The Marquis de Lafayette might be a minor figure of the American Revolution for some people, but the French man takes center stage at the New York Historical Society with “French Founding Father: Lafayette’s Return to Washington’s America.” (Pictured: the Marquis in Union Square)
The show opened this Saturday with a host of costumed actors milling about brightly refurbished exhibit rooms stretching from the third floor to the basement.
Lafayette — or, as I like to call him, Marie Joseph Paul Yves Roch Gilbert Du Montier Lafayette — was George Washington’s right-hand man for much of the war and a potent symbol of America’s dependence on the French to achieve victory.
“French Founding Father” is not a New York-centric show for the Historical Society; as the title implies, the meat of the exhibit concerns itself with Lafayette’s historic tour in 1824 of the new United States five decades after assisting in its freedom from the British.
His appearance reactivated a new round of American patriotism, as each state (24 at the time) vied for his attention with lavish galas and processions. The show’s cheekiest part involves an entire room devoted to Lafayette souvenirs and paraphernalia. One hasn’t lived until sampling hot soup from a commemorative tureen depicting Lafayette at Washington’s Mount Vernon grave site. (At right: why keep your snuff in anything but an official Marquis de Lafayette snuff box?)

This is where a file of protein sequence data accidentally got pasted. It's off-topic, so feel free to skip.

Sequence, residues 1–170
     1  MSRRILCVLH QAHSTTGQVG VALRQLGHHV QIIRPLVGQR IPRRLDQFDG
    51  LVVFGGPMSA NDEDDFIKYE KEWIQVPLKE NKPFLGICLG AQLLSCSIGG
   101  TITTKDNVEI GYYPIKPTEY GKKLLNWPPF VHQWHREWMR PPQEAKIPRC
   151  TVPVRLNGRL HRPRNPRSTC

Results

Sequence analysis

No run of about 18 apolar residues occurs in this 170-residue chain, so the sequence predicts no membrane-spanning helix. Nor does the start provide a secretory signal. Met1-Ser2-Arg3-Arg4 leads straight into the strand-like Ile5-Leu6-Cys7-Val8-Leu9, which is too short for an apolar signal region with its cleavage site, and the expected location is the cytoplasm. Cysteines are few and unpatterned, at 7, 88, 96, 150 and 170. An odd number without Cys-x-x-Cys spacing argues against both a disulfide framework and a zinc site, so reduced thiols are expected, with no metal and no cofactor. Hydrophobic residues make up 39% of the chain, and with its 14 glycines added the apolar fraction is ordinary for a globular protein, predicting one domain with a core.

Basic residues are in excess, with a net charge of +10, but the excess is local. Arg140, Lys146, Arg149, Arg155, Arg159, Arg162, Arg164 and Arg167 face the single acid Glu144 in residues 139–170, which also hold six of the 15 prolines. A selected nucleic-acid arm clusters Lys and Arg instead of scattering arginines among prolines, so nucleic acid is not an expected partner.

And lest you think the Historical Society is making a big deal out of his American appearance, they list a lengthy list of cities, counties and monuments named after the Marquis to show their support for the French hero.
New York wasn’t to be outdone. During his trip, he visited a number of locations downtown, culminating in an extravagant ball at Castle Garden (that’s Castle Clinton in Battery Park to you and me). In the years after the visit, Lafayette would be immortalized all over the city:
— A statue of the Marquis stands on the east side of Union Square, crafted no less by Frederic-Auguste Bartholdi and dedicated in 1876. Ten years later, Bartholdi would offer New York an even bigger gift from the French — the Statue of Liberty.
— Joseph Pulitzer liked Bartholdi’s works so much that he commissioned him to create another Lafayette monument, “Lafayette and Washington,” now the centerpiece of Lafayette Park in Morningside Heights at 114th Street.
— American sculptor Daniel Chester French gives us the Lafayette tribute at Prospect Park West (see below), showing the Marquis standing next to his trustworthy steed. The piece was unveiled in the park by the French War Commission in 1917, surely a potent gesture in the midst of World War I. French, by the way, is better known for the ornate Four Continents monuments in front of the Alexander Hamilton Custom House, as well as for ole Abe at the Lincoln Memorial in D.C.